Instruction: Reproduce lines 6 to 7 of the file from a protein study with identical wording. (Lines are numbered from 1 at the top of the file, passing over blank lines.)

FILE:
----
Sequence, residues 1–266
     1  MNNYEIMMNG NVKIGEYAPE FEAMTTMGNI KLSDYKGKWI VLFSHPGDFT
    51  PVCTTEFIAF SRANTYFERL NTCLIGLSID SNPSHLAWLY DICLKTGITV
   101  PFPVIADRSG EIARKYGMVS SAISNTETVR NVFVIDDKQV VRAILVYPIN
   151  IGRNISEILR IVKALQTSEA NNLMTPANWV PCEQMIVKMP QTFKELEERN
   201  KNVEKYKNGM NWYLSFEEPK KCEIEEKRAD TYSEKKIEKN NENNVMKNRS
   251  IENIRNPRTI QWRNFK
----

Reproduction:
   201  KNVEKYKNGM NWYLSFEEPK KCEIEEKRAD TYSEKKIEKN NENNVMKNRS
   251  IENIRNPRTI QWRNFK